This is an introduction to Part 107 regulations — the laws that govern commercial drone operations in the United States. The information here is derived from Federal Aviation Administration (FAA) resources; however, this is by no means a comprehensive resource or legal advice. For the most reliable information, please visit

1) What is Part 107?

14 Code of Federal Regulation (CFR) Part 107 is the Federal Aviation Administration’s rule for operating small Unmanned Aerial Systems (sUAS, also known as drones) in the United States.

Established in 2016, Part 107 significantly lowered the barrier for operating with drones. Before the adoption of Part 107, anyone wanting to operate drones for commercial purposes — from lone pilots to major corporations — had to apply for permission from the FAA through a time-consuming and expensive process, or else operate illegally. Now, businesses who follow Part 107 can fly drones without applying for authorizations, and can do so in compliance with federal law.

2) What aircraft fall under Part 107?

Part 107 defines a small UAS as any uncrewed aircraft weighing less than 55 pounds, except for those operated solely for recreation or hobby purposes. If you need to fly a heavier UAS, you’ll need to apply for a special exemption from the FAA.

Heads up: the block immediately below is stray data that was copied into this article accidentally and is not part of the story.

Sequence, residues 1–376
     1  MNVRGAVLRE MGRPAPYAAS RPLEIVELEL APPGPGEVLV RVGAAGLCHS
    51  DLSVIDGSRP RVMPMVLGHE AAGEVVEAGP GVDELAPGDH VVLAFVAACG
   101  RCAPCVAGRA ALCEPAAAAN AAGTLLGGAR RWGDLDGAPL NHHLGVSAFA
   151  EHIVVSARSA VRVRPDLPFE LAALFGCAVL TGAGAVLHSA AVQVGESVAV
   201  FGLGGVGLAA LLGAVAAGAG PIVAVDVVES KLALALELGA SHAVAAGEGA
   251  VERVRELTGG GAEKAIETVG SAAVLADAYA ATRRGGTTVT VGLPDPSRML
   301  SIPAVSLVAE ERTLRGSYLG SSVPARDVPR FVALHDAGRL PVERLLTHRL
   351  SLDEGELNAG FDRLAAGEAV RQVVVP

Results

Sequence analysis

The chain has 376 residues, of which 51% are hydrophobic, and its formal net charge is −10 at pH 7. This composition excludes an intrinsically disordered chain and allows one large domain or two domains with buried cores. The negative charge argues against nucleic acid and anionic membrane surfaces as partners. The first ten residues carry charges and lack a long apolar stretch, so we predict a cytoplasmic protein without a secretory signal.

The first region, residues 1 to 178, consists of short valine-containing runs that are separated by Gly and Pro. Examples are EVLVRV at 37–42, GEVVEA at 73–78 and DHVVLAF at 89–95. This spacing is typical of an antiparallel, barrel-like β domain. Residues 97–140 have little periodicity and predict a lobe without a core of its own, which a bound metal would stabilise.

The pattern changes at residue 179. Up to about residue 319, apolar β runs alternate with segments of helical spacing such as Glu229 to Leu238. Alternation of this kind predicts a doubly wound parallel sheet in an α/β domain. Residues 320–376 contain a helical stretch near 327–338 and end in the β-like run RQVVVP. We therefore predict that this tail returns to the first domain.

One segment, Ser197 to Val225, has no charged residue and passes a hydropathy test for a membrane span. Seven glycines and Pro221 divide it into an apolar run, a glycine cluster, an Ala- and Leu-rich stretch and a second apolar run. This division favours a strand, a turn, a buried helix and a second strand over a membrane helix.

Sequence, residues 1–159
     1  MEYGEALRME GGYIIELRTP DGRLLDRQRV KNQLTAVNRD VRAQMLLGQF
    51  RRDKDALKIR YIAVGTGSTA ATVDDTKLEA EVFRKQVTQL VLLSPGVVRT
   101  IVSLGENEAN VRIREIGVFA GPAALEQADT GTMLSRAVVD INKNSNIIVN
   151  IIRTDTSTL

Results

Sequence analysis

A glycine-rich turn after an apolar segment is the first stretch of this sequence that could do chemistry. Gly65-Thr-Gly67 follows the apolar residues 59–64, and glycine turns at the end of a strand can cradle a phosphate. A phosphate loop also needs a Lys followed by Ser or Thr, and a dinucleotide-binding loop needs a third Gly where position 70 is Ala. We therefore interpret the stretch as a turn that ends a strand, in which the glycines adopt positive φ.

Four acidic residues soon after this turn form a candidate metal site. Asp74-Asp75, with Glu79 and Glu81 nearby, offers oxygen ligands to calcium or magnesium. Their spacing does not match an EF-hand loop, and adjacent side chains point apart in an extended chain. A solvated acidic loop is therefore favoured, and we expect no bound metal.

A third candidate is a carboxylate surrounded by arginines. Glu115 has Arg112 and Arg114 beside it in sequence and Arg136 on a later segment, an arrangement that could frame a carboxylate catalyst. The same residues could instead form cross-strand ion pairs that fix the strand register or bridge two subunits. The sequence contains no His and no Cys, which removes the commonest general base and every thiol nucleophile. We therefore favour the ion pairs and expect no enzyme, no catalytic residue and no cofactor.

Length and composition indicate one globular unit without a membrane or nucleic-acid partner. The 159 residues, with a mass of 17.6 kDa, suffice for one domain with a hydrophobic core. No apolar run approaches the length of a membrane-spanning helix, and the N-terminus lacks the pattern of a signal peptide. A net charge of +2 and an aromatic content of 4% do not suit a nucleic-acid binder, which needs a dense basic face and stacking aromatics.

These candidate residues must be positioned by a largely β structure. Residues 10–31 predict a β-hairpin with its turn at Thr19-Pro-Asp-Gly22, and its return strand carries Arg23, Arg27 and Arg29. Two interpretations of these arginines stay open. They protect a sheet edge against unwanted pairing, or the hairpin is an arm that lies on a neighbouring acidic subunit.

Every drone operated under Part 107, as well as recreational drones weighing more than 0.55 pounds, must be registered with the FAA. This is easy to do through FAA Drone Zone, the government’s official website for managing drone affairs. A drone registration costs $5 and lasts 3 years. You will need to mark your drone with its registration number so that it is visible on the outside of the drone.

Quick tip:

  • UAS = Unmanned Aerial System, which includes the aircraft, controller, and the link between the two.
  • UAV = Unmanned Aerial Vehicle, which refers to the aircraft itself

3) Who needs to be certified as a commercial drone pilot?

Anyone flying a drone for commercial purposes — that is, not operating solely for recreation or hobby purposes — must obtain a Remote Pilot Certificate from the FAA to be certified to fly under Part 107.

Flying commercial drone operations without certification can result in civil penalties with significant fines. In the case of egregious violations, criminal sanctions can be imposed. Don’t fly commercial drones unlicensed!

To become a Part 107 certified drone pilot, you must:

  1. Register online for an FAA Tracking Number (FTN) using the FAA’s IACRA system
  2. Create an account in the FAA’s test scheduling system using your FTN and sign up to take your Airmen Knowledge Test.